It had no bearing on the end result, but Taulupe Faletau's try against New Zealand can encourage a tactical shift for Wales.
Speaking candidly in an excellent interview with European football journalist Graham Hunter in April 2015, Gary Neville admitted that he had “no interest” in examining goals during his role as an analyst for Sky Sports.
The former Manchester United defender, England’s assistant manager at Euro 2016, explained he would prefer to rush through even the most spectacular finishes and spend his time dissecting intricate subtleties of any given game.
At Eden Park on Saturday, New Zealand and Wales shared seven tries. Warren Gatland’s tourists managed two of them. Both came in the first half but the men in red were eventually enveloped by an All Blacks tide to lose 39-21.
In the broader context of the match, Taulupe Faletau’s ninth-minute score carried scant significance. Were Neville in the studio at the final whistle, he would be perfectly entitled to focus on different incidents in order to chart the result.
However, Faletau’s try is worth inspecting in closer detail. It epitomised the shift in mind-set underpinning Wales’ excellent, energetic display and demonstrated the following qualities:
- Discipline, co-ordination and cohesion
- Handling, distribution and kicking skills
- Sound decision-making
To put it another way, Wales have the tools to implement a more expansive structure and bring out the best in their players – not least Faletau, who is a potent weapon in the 15-metre channel. First, watch the try through:
Clearly, the last two phases are slick and incisive. To get a fuller idea of Wales’ collective ambition though, we need to rewind to the previous set-piece.
Route one scrum
A solid midfield scrum invariably provides an excellent opportunity to test the defence this one is a prime launchpad.
Sure enough, Wales spread the field comprehensively. They stack three backs to the right with two on the left and fly-half Dan Biggar directly in behind:
…referee Wayne Barnes allows play to continue. Rhys Webbs taps Faletau on the rear and retreats while Kieran Read and Sam Cane lift their heads and Aaron Smith backs away to help defend the right flank:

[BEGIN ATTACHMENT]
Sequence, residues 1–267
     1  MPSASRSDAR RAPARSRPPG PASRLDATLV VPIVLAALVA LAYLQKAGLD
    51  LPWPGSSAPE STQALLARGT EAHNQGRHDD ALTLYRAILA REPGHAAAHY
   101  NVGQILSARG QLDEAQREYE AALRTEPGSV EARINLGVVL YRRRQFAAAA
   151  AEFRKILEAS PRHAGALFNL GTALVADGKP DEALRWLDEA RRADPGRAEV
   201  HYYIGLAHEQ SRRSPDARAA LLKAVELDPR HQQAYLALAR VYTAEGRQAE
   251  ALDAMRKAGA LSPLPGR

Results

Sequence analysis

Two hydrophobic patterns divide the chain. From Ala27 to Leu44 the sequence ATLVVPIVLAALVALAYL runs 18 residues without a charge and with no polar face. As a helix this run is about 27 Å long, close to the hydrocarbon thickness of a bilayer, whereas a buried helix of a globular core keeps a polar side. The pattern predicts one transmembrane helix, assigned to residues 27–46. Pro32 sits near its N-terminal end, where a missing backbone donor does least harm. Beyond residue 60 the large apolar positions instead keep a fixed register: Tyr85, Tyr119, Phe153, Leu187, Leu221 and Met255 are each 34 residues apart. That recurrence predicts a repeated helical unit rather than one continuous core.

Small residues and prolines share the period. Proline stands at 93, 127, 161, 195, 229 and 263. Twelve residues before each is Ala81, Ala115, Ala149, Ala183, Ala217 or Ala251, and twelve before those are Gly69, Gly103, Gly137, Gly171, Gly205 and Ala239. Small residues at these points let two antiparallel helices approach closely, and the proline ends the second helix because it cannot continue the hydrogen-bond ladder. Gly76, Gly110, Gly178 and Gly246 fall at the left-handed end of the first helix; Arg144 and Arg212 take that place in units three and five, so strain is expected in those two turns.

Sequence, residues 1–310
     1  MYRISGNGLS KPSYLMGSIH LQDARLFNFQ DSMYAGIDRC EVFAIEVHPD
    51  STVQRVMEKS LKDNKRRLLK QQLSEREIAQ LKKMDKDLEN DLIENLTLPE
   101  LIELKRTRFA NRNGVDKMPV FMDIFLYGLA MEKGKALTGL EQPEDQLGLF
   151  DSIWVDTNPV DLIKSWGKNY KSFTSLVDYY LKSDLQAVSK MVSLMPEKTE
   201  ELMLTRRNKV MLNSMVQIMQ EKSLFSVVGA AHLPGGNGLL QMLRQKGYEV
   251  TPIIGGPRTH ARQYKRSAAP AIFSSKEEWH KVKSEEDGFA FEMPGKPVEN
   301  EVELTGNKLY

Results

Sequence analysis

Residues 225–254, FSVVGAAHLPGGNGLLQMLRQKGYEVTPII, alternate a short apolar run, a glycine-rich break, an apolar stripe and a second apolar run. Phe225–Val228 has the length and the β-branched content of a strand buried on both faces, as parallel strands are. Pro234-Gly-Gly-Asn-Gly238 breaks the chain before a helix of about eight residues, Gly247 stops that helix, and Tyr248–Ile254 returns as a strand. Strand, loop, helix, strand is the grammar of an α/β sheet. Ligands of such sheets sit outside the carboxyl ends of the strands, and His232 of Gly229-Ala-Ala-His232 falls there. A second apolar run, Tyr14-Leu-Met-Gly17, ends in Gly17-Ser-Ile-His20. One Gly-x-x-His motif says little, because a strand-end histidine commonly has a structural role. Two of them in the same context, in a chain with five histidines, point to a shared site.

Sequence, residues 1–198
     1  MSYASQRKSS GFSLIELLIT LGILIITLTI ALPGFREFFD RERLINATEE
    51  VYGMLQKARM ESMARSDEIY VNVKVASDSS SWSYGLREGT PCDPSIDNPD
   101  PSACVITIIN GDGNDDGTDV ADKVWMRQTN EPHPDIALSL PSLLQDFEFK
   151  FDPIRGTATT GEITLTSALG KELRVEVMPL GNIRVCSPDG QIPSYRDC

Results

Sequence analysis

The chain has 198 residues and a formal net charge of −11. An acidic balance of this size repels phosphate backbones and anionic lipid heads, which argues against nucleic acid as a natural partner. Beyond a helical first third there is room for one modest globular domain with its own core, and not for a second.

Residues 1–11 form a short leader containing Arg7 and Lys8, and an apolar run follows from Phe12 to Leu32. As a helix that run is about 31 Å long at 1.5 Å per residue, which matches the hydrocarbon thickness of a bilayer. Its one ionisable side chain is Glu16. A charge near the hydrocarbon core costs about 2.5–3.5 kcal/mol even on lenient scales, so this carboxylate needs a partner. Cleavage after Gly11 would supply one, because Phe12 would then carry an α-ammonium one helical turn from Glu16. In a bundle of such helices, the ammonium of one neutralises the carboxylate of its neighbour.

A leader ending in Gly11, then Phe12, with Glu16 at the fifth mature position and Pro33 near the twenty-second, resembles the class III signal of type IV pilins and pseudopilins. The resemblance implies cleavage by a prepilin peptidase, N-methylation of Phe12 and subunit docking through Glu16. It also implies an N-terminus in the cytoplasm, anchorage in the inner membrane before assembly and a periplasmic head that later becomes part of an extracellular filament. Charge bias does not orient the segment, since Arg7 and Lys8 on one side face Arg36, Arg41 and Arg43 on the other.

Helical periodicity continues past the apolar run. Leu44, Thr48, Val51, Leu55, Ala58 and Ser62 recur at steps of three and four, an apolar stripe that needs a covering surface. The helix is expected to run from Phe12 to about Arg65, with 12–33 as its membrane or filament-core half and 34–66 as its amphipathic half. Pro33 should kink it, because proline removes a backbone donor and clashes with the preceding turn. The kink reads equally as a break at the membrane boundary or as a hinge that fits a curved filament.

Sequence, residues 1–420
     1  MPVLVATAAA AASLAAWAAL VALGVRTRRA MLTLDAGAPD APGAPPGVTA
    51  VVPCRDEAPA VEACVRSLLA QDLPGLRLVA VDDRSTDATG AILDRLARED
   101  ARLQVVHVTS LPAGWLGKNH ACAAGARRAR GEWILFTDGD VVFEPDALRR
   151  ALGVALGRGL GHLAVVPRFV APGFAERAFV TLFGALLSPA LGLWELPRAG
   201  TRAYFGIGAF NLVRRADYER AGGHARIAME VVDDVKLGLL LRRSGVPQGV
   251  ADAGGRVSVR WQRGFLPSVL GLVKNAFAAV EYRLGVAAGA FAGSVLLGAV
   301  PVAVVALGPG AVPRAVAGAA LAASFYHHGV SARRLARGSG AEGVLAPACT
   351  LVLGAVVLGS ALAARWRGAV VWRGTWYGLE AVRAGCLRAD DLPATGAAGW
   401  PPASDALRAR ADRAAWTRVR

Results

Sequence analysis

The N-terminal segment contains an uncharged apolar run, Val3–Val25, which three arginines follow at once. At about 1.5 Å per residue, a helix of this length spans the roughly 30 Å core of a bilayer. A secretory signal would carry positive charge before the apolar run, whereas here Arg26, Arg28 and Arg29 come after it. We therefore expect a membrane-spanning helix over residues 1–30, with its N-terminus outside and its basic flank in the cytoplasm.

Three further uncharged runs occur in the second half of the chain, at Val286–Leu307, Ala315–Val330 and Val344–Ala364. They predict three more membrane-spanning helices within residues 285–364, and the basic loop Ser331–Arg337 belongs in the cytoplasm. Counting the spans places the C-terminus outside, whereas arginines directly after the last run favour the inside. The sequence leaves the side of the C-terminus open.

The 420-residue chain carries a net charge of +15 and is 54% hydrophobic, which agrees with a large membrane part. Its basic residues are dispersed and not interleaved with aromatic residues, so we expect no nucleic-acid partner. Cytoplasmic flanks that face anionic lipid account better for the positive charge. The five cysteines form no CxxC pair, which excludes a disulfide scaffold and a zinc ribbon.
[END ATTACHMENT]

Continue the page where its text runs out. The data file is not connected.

Faletau flicks a left-handed pass to Webb on his right. Meanwhile, Sam Warburton, Read and Cane break off:
From here, we see a typical Wales strike move materialise. Webb makes a diagonal run with Jamie Roberts cutting back against the grain. The Harlequins centre is aiming at the space in between New Zealand fly-half Aaron Cruden and Cane.
Biggar slides across from his initial position, into the space behind Roberts:
In an attempt to punch a hole and generate quick ball, Webb throws a flat (probably forward) pass to Roberts.
With the benefit of hindsight, we can say that Webb might have caused more problems by finding Biggar. Cruden is already committed to covering Roberts, disconnected from Ryan Crotty.
Biggar would have been presented a three-on-two, Liam Williams and George North with 15 metres of room to the right of Julian Savea, New Zealand’s widest defender:
Having said that, Wales adapt to the situation very well. Roberts careers through the tackle of Cruden, losing his balance just over the 10-metre line – a decent gain-line win.
Read swoops to challenge on the floor but Warburton arrives as well with Faletau and Alun-Wyn Jones following up:
Warburton and Faletau clear out Read, despite the protestations of Aaron Smith, and Wales have recycled rapidly.
Now though, with Webb on the floor after being caught up in a tangle of bodies on feeding Roberts, there is no scrum-half to take advantage by instigating the next phase.
Luckily, Alun-Wyn Jones solves the problem. He steps forward…
…stooping to pick up the ball as Brodie Retallick steps in from the fringe…
…and sending a flawless 10-metre pass to Biggar:
The All Blacks are perennially lauded for the skilful link-play of their tight-five forwards. This clarifies that piano-pushers from the northern hemisphere can tinkle the ivories too.
From here, Biggar ships on to Liam Williams amid pressure from New Zealand’s proactive line-speed: